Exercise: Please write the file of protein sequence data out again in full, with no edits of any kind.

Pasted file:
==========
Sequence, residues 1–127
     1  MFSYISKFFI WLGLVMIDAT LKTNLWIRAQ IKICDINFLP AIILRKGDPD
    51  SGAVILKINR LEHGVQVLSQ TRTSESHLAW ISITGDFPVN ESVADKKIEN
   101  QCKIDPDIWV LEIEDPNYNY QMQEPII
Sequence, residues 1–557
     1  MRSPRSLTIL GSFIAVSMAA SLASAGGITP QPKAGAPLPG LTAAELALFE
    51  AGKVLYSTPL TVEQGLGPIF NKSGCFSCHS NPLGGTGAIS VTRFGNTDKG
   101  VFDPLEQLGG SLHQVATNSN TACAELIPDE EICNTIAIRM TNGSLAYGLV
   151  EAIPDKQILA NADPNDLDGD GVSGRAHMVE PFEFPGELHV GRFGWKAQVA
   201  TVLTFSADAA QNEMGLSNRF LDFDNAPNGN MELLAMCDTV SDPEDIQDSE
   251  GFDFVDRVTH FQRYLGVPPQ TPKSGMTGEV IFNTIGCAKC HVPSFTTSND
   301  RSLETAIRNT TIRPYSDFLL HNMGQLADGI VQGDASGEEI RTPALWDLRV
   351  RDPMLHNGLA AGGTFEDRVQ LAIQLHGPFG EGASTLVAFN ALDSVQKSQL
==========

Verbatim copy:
Sequence, residues 1–127
     1  MFSYISKFFI WLGLVMIDAT LKTNLWIRAQ IKICDINFLP AIILRKGDPD
    51  SGAVILKINR LEHGVQVLSQ TRTSESHLAW ISITGDFPVN ESVADKKIEN
   101  QCKIDPDIWV LEIEDPNYNY QMQEPII
Sequence, residues 1–557
     1  MRSPRSLTIL GSFIAVSMAA SLASAGGITP QPKAGAPLPG LTAAELALFE
    51  AGKVLYSTPL TVEQGLGPIF NKSGCFSCHS NPLGGTGAIS VTRFGNTDKG
   101  VFDPLEQLGG SLHQVATNSN TACAELIPDE EICNTIAIRM TNGSLAYGLV
   151  EAIPDKQILA NADPNDLDGD GVSGRAHMVE PFEFPGELHV GRFGWKAQVA
   201  TVLTFSADAA QNEMGLSNRF LDFDNAPNGN MELLAMCDTV SDPEDIQDSE
   251  GFDFVDRVTH FQRYLGVPPQ TPKSGMTGEV IFNTIGCAKC HVPSFTTSND
   301  RSLETAIRNT TIRPYSDFLL HNMGQLADGI VQGDASGEEI RTPALWDLRV
   351  RDPMLHNGLA AGGTFEDRVQ LAIQLHGPFG EGASTLVAFN ALDSVQKSQL